When Anna Rothschild rode into the stable yard, there was a sudden exodus from the house and barn to greet her.
The way they rushed out of the house left her at a loss. She’d only been gone a few hours.
Her heart was still beating fast from the excitement of her ride, and both the horse and dog were breathing heavily from their demanding exercise of the last few hours as she’d ridden back from the river; slowing down often to give the big dog chance to catch up, and to lope along beside them.
She’d slowed for the last half mile or so to give both horse and dog, chance to recover their wind.
She could see that everyone had been busy in the few hours she’d been gone; the hay had even been put into the barn; but then, nothing ever did stay the same for long on a thriving farm.
The way they approached her, suggested that they were full of news.
Her heart fell. The sudden flurry of activity suggested that something was wrong, but what could have happened so suddenly? She had not been gone long enough for the world to have ended.
Jarvis said nothing, bottling up his words, taking the reins and bridle of her horse as she dismounted without his help, by swinging her leg off the horse as a man would. She did not want, and would not have appreciated his help. It was not his place to criticize his mistress for anything she chose to do. He could easily forgive those little things after what she’d done for them all.
He smiled to himself at the shocking way she had been riding... astride, (something a lady would never dare to do if she wished to escape censure and gossip in their society), but it was not his place to point that out to Miss Anna. However, others would, if they had seen her.
“I’ll see to the horse, Miss.”
“Thank you.” She straightened her dress, smoothing it down upon her body.
“Is everyone alright, Jarvis? No accident while I was away?”
He was taken aback by her questions, leaving his hand on the strange horse’s neck as it caught the various scents on his clothing; smelling other horses, hearing a calming voice and feeling a kind touch.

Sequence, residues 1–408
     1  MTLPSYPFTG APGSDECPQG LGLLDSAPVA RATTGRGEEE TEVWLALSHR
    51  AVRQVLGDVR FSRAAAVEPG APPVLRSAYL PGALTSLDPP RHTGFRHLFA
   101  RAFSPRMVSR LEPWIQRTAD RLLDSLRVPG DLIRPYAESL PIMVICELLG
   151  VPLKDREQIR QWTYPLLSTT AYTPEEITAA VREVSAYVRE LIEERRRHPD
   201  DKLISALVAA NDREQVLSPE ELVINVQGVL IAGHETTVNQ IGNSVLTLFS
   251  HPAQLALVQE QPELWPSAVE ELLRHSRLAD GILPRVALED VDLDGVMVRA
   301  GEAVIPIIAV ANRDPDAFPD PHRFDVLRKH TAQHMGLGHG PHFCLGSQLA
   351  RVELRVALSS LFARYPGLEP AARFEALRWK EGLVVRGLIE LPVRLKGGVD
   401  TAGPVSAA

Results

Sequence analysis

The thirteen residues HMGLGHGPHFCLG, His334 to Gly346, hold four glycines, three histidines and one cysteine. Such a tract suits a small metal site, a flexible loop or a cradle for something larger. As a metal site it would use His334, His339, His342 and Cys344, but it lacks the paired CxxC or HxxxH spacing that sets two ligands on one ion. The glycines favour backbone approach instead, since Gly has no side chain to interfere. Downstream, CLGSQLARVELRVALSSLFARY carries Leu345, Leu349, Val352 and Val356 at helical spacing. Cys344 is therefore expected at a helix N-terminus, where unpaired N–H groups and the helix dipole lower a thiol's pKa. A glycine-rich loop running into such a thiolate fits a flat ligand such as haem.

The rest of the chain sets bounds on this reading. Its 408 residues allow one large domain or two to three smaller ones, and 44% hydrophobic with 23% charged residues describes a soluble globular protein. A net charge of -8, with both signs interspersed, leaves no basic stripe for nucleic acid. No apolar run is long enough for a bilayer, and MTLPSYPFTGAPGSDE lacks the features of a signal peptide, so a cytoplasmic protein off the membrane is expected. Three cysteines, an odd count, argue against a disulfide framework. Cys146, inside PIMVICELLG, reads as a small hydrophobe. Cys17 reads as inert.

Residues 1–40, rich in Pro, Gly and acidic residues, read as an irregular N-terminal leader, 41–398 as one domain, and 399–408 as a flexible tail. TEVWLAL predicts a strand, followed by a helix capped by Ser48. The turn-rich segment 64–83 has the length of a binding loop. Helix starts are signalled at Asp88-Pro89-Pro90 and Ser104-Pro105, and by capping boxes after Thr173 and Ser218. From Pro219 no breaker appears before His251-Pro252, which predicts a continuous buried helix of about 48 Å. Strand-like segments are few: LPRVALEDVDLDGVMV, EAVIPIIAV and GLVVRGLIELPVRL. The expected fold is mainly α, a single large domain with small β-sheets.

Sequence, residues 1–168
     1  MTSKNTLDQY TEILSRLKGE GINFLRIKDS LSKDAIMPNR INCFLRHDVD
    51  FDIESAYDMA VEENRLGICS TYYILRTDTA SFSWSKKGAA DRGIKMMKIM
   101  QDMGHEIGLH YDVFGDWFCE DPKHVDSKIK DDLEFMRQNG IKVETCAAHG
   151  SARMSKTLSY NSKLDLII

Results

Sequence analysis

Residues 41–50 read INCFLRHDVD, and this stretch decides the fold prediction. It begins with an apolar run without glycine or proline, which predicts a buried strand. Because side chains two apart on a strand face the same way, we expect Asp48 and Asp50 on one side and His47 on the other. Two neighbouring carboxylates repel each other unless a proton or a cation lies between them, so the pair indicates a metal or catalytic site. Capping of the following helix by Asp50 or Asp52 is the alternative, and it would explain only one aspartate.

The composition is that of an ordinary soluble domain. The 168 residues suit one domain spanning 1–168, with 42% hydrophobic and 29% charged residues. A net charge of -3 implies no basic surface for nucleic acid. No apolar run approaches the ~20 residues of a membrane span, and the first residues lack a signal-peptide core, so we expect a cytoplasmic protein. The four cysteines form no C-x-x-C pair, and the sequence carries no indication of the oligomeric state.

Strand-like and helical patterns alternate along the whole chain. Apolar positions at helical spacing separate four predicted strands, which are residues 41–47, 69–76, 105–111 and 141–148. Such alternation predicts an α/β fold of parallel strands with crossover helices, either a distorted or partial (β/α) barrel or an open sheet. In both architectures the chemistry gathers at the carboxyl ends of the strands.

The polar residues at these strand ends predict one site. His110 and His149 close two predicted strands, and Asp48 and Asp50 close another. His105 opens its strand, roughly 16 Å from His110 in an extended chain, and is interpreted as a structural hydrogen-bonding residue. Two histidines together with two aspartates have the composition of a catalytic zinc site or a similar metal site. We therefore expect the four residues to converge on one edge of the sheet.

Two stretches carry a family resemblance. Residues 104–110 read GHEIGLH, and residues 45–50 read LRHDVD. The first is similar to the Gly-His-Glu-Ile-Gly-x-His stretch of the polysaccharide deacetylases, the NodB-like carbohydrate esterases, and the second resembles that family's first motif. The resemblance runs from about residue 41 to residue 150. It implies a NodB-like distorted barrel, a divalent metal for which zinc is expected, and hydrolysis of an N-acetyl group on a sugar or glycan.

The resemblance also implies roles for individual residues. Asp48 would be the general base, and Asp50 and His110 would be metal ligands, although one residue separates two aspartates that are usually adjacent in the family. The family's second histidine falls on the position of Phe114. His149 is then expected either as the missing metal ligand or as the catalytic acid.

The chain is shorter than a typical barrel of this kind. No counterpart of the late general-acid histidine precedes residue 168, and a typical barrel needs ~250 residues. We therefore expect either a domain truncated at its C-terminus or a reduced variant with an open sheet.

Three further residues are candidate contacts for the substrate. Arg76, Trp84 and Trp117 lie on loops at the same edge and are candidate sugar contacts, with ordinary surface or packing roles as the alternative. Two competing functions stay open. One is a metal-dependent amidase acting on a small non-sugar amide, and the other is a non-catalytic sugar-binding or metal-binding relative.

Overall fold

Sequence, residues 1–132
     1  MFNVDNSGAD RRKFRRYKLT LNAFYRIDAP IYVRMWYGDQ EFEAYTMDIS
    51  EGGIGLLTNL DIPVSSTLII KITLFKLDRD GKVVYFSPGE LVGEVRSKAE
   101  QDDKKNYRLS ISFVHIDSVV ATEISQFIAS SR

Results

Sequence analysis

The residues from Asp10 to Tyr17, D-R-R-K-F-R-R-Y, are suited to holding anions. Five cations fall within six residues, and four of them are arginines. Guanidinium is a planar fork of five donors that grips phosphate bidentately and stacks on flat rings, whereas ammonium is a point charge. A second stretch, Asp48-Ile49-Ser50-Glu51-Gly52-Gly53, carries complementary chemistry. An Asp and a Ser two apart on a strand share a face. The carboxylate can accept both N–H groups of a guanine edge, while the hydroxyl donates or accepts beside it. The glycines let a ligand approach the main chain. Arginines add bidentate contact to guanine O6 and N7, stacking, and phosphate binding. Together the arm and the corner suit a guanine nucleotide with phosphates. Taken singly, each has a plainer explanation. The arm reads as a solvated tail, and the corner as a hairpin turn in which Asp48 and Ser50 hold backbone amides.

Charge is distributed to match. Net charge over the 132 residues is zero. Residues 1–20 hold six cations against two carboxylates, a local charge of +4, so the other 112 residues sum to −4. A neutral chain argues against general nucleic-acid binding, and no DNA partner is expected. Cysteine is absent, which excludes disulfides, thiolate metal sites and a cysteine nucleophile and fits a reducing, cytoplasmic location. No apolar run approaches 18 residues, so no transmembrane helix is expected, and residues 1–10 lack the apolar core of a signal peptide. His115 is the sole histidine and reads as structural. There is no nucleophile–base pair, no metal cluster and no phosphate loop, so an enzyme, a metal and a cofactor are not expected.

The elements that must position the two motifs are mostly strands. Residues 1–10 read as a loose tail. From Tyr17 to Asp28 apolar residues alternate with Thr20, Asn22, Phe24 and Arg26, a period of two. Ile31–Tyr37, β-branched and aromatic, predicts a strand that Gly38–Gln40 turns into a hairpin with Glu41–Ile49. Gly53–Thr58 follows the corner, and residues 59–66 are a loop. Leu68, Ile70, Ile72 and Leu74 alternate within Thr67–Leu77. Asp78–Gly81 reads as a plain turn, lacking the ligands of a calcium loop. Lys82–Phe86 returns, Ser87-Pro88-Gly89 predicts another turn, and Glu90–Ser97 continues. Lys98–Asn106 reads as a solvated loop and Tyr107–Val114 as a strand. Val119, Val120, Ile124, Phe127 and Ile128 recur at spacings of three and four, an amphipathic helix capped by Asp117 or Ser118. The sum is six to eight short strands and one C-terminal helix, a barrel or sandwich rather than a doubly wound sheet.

“No, Miss. Nothing like that, but….”
She interrupted him before he could go any further.
“Good. Though I can see that you have been busy. How did you manage to get all of that hay from the home-field into the barn so quickly? I didn’t think it was that dry and hot when I left, or that there was so much of it, and those more distant fields are even cleared. I never expected it to dry so well today, nor even this week.”
Before he could say anything, she picked up again.
“Those Maskells are building fences again where they shouldn’t. I blundered over them and took them off guard. We’d better get the horses out, to pull up their posts and burn them. They’ll be gone by now, of course, scurrying back to their burrows.”
He knew it was not as she'd assumed. With old man Maskell dying some weeks earlier, his son and grandsons were out, undoing, and correcting so much that the older man had tried to achieve behind their backs, claiming property that was not his, building fences, antagonizing neighbors. They would have their work cut out for them, but they were making a good start.
He saw Hetty rushing over, and decided that it was more Miss Hetty’s place to deal with all of this.
Jarvis led the horse around the yard after loosening the girth, discovering, to his relief, that the big horse followed him docilely enough and was not about to try and kill him, though the dog had been ready to dispute him approaching his mistress. He’d never seen either this horse or the dog before, and there was a tale to be told here.
He would have to be patient. He would find out more, later.
She spoke after him. “We rode for a long time, so take care he does not drink, Jarvis. Give him an hour to settle before you give him any oats, and then only sparingly. He had some strenuous exercise. I will come and see him later.”
He kept his thoughts to himself as he learned about the horse, letting the animal smell him as he stroked its neck and spoke to it, detecting that the horse had not been so hard-pushed as Miss Anna thought.
Hetty surprised Anna when she rushed over to embrace her, throwing her arms around her, greeting her as if she were a long-lost prodigal daughter.
Samson growled at her until Anna spoke sharply to him.
“Down, Samson! No! Have some manners, you silly dog. This is Hetty.”
He dutifully backed off, seeing that his mistress was not being threatened.
“Oh, Missy, where have you been? We have had search parties out looking for you ever since you left.”
Anna paused in brushing off her dress, laughing in disbelief, as she settled her dress about her. “Surely I cannot be that late for dinner.”
Hetty seemed upset with her and might even be crying. Anna put a comforting hand on her arm, but Hetty was not easily consoled.
“Not that late for dinner indeed! How can you be so flippant about it? Where have you been? We feared for your life and safety after you rode off as you did, and did not return. The whole house descended into depression with worry for you. You should have sent us word where you were, and how long you would be staying away.”